|Publication number||US6747091 B1|
|Application number||US 09/890,520|
|Publication date||Jun 8, 2004|
|Filing date||Jan 28, 2000|
|Priority date||Feb 25, 1999|
|Also published as||DE19908013A1, EP1155091A1, EP1155091B1, WO2000050518A1|
|Publication number||09890520, 890520, PCT/2000/676, PCT/EP/0/000676, PCT/EP/0/00676, PCT/EP/2000/000676, PCT/EP/2000/00676, PCT/EP0/000676, PCT/EP0/00676, PCT/EP0000676, PCT/EP000676, PCT/EP2000/000676, PCT/EP2000/00676, PCT/EP2000000676, PCT/EP200000676, US 6747091 B1, US 6747091B1, US-B1-6747091, US6747091 B1, US6747091B1|
|Inventors||Hubert Baumgart, Ulrike Röckrath, Astrid Poth, Günther Ott, Christin Sobbe, Uwe Meisenburg|
|Original Assignee||Basf Coatings Ag|
|Export Citation||BiBTeX, EndNote, RefMan|
|Patent Citations (128), Non-Patent Citations (14), Referenced by (10), Classifications (17), Legal Events (5)|
|External Links: USPTO, USPTO Assignment, Espacenet|
The present invention relates to a novel powder slurry curable with actinic radiation and, if desired, thermally. The present invention also relates to a novel process for preparing this powder slurry. The invention relates not least to the use of the novel powder slurry to prepare clearcoat materials and also single-coat and multicoat clearcoat systems for the automotive sector and the industrial sector.
Automobile bodies are nowadays coated preferably using liquid coating materials, i.e., spray paints. These coating materials give rise to numerous environmental problems owing to their solvent content. The same applies to the use of waterborne clearcoat materials, since they always still contain certain amounts of organic solvents.
Thermally curable waterborne clearcoat materials of this kind are known from the German patent DE-A-196 23 371. Directly after application, the conventional waterborne clearcoat materials do not dry to a powder but instead flow out to form a continuous film. They comprise aqueous secondary dispersions and are used in the automotive sector for aqueous multicoat systems or aqueous one-component or two-component clearcoat materials. The aim here is for sedimentation-stable dispersions having an average particle size of from about 10 to about 200 nm. The reason, familiar to the skilled worker from experience, is that the better the stabilization and the lower the size of dispersion particles, the less their tendency toward sedimentation. Reliable application behavior and a reduction in popping tendency, however, necessitate the use of up to 20% by weight of solvents as well.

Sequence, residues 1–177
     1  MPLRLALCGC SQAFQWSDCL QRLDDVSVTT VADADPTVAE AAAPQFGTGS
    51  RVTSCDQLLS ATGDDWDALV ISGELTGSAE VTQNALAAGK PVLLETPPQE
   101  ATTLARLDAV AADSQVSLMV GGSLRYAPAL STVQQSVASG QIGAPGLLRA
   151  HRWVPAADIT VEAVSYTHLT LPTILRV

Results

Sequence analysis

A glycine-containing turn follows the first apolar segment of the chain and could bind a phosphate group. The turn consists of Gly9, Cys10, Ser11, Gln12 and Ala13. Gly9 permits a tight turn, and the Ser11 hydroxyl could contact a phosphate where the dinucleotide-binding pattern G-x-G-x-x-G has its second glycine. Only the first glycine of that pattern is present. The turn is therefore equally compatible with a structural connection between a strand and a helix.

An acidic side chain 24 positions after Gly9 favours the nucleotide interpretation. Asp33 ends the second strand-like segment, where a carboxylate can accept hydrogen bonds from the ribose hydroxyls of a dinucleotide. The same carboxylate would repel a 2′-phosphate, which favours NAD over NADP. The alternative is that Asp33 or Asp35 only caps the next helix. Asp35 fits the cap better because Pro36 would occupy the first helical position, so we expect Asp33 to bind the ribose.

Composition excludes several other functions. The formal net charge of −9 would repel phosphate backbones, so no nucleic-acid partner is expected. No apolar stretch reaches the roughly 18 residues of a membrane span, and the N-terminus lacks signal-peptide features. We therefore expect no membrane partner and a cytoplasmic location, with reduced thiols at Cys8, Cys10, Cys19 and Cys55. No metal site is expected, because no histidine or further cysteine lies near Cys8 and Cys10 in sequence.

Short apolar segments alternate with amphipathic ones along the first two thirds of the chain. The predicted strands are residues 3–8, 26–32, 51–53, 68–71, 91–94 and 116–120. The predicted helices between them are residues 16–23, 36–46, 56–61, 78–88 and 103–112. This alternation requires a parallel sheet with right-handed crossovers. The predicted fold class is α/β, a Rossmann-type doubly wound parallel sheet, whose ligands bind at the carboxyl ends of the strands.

For this reason, increased efforts have been made in recent years to use powder coating materials for the coating. The results to date, however, have not been satisfactory, owing in particular to the need for increased film thicknesses in order to obtain a uniform appearance.
Further problems of powder coating materials for thermal curing arise from the requirement for blocking resistance on storage, and storability even in summer temperatures. In order to ensure that this requirement is met, the softening point of the coating powders must be high. Because of the high softening point of the coating materials, however, the thermally activated crosslinking reaction begins as early as during the melting of the powders on the substrate, before the film surface has achieved optimum leveling.
To solve this problem, the German patents DE-A-24 36 186 and DE-A-26 47 700, the European patents EP-A-0 098 655, EP-A-0 286 594, EP-A-0 410 242, EP-A-0 522 648, EP-A-0 585 742, EP-A-0 636 669 and EP-A-0 650 979, the international patent application WO 93/25596, and the U.S. Pat. Nos. 4,064,161, 4,129,488, 4,163,810, 4,208,3130 and 5,639,560 propose UV-curable powder coating materials in which it is possible to separate the melting operation from the crosslinking. The UV powder coating materials disclosed to date are all based on substances containing acrylic or vinylic unsaturation, which owing to the high melting temperature required for effective blocking resistance may also undergo thermal polymerization prior to UV irradiation. In order to guarantee blocking resistance, the binders employed for the UV powder coating materials must be absolutely solvent-free polymers, which, however, are highly problematic to obtain owing to their tendency to undergo thermal polymerization.